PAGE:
The Strand chatted with Jared Connoy, candidate for Sustainability Commissioner in the 2017 VUSAC fall election, to ask about his platform and goals if elected.

 

The Strand: Why are you running for VUSAC Sustainability Commissioner?

Jared Connoy: I’m running for Sustainability Commissioner because I’ve dedicated my education to the environment. I’m doing a double major in Economics and Environmental Science, with a minor in Environmental Studies. I’ve done work abroad doing scientific research and data collection, and I dedicate all my free time to the environment. It’s my passion and I love the Vic community, so I’d like to bring the two together.

 

Can you elaborate on the environmental work you’ve done on campus and abroad?  

Abroad, I was doing data collection and population tracking for an organization that does environmental work called Osa Conservation, based in the Costa Rican rainforest. On campus, last year I was the Lower Year Representative for the Environmental Students’ Union, and I’m now the Treasurer. I’ve also been involved with UTEA, which is the University of Toronto Environmental Action.

Working abroad was definitely incredibly important for me in making a physical connection with the environment. I’ve highlighted throughout my campaign the importance of having a genuine relationship with the environment so people can really feel that and take it into their lives, career, and discipline—whatever it may be. However, my involvement on campus has been very valuable in terms of what I’d be doing as Sustainability Commissioner because I’ve had a lot of experience planning sustainability events.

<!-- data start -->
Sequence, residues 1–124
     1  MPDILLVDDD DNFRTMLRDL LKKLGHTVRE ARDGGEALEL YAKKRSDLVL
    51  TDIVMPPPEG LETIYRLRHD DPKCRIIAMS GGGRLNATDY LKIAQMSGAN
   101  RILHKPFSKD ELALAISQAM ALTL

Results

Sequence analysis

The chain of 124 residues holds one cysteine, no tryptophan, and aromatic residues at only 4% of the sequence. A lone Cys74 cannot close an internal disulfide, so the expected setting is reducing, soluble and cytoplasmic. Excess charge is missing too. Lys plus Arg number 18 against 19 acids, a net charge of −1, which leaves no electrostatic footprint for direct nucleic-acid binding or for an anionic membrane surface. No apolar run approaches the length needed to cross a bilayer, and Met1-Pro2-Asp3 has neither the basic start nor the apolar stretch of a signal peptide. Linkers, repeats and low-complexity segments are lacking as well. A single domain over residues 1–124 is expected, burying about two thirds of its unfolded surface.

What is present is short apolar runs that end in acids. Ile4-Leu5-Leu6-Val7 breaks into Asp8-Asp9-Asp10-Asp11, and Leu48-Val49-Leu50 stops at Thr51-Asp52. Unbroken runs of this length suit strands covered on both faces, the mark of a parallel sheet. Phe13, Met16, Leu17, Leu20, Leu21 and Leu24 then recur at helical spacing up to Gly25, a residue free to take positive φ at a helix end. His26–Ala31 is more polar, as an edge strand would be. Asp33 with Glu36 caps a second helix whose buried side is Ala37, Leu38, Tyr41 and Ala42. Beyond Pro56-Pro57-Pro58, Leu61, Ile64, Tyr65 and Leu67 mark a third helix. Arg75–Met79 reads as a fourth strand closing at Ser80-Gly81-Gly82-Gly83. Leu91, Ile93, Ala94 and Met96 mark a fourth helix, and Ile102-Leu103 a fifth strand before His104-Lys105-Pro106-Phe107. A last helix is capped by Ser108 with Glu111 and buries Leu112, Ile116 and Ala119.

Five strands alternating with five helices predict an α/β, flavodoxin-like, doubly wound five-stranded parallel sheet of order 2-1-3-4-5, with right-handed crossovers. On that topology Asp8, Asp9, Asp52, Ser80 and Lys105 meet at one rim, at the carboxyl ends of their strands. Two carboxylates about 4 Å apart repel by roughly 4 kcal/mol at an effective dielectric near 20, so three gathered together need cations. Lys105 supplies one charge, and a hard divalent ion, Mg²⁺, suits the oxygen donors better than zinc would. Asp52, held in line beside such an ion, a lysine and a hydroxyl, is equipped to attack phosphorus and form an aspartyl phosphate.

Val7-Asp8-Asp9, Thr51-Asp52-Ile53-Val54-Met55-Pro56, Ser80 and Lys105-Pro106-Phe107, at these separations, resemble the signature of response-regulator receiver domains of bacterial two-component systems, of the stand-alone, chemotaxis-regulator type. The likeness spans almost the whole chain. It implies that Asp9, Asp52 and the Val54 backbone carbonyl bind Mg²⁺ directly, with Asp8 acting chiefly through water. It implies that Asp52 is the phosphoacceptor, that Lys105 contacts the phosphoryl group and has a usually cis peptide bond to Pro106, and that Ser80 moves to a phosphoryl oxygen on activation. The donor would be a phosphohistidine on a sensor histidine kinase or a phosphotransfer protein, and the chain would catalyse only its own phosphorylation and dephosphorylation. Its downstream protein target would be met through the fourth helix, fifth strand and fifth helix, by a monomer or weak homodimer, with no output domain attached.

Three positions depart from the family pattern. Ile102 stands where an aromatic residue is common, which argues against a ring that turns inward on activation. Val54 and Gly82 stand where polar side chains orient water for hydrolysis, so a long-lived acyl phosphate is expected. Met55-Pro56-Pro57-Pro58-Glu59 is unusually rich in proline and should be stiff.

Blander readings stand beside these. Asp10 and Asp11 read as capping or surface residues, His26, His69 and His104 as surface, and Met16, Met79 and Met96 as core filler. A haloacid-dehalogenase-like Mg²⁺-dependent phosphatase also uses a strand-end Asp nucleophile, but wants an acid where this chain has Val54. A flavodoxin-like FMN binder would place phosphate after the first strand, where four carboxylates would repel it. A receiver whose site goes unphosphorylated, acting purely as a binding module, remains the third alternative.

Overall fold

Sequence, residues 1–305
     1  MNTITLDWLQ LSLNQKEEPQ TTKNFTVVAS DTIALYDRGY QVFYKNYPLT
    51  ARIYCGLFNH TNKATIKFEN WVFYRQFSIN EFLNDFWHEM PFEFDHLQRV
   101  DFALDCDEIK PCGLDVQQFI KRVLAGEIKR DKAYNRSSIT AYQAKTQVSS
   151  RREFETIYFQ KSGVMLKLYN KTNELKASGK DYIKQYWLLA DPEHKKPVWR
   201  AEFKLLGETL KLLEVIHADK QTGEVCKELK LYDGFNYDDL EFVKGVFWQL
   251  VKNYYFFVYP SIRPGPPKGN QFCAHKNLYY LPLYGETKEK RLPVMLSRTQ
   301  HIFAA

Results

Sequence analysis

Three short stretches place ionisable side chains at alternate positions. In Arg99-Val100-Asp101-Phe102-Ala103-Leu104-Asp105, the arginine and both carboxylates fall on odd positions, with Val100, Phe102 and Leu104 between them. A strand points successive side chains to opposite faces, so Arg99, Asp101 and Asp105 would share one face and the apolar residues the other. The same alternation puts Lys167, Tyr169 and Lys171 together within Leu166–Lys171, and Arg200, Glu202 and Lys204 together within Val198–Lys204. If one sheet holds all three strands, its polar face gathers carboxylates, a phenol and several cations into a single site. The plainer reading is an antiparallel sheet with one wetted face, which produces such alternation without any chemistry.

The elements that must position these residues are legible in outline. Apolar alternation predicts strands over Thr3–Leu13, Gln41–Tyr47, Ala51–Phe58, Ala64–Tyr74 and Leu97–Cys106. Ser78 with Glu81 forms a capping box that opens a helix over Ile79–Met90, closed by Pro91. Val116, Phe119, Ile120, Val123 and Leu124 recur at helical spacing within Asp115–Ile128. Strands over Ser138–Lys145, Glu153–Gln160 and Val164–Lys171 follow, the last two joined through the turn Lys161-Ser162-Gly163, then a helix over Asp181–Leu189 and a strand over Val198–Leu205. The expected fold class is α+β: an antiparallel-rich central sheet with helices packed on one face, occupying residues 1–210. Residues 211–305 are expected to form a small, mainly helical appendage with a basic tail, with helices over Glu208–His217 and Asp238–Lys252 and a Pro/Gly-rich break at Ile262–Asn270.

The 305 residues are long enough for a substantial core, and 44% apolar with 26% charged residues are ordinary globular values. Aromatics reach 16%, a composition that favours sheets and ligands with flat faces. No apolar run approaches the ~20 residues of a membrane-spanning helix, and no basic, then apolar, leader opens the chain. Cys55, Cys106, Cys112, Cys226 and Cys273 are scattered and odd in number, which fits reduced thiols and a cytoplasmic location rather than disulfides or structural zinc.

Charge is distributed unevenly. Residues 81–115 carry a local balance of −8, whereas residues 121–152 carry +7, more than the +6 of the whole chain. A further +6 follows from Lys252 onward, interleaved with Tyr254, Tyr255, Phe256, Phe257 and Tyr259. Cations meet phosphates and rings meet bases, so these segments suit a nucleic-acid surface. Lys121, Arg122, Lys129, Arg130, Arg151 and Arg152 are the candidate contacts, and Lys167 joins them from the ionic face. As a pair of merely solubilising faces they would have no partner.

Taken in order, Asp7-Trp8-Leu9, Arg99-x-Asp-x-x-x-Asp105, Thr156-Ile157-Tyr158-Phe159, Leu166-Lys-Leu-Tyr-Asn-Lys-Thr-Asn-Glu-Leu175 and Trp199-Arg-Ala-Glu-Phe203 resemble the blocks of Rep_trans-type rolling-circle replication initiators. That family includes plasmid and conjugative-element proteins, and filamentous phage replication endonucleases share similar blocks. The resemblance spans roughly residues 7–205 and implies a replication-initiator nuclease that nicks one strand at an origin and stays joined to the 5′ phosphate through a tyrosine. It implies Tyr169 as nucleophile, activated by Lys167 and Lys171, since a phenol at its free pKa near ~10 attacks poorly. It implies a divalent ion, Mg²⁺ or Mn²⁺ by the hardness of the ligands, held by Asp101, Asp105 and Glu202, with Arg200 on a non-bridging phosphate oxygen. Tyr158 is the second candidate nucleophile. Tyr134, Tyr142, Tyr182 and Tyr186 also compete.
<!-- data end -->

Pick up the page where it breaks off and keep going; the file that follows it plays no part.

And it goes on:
What’s the first initiative you would run at Vic if elected as Sustainability Commissioner?

The first initiative I would run is definitely something that would be very engaging for students, which would be a greenhouse tour. I’ve planned greenhouse tours in the past for the Environmental Students’ Union and, honestly, they’re just a lot of fun. You get to be very engaged—the greenhouse has things like iguanas, lizards, and fish— I think that’s really important as a first event to engage students with the environment so that they’ll then keep returning to environmental events from VUSAC that can be more on the educational side.

 

What do you think needs to change about Vic’s sustainability efforts, and how do you plan on implementing your ideas?

The first thing that really bothers me with sustainability at Vic is the food waste in Burwash. Anyone who’s eaten in Burwash sees how much food is wasted. Even last night at Town Hall, there was tons of food left over, so really monitoring that and making sure that so much food isn’t wasted is definitely one of my first priorities.

Other priorities would be general sustainability in residence, things like composting or microfibre bags for laundry. I think working with Burwash would be the best way to work around food waste, because at the end of the day the people working there might know what works and what doesn’t. As well, talking to students, having food samples before filling up a plate, and working with people that have knowledge on what could work and what couldn’t.

 

Your platform includes “instilling a sense of environmental stewardship” in Vic students. What steps would you take to achieve this goal?

I want to engage students with the environment hands-on, so not just through maybe academic seminars or Doc N’ Talks, but really getting them involved with the garden. If they could plant something at the beginning of the year and watch it grow throughout the year, that would be very engaging for them. Things like greenhouse tours to engage with the green spaces around them so they can create that relationship with the environment.

 

This interview has been edited for length and clarity.

Photo | Courtesy of the candidate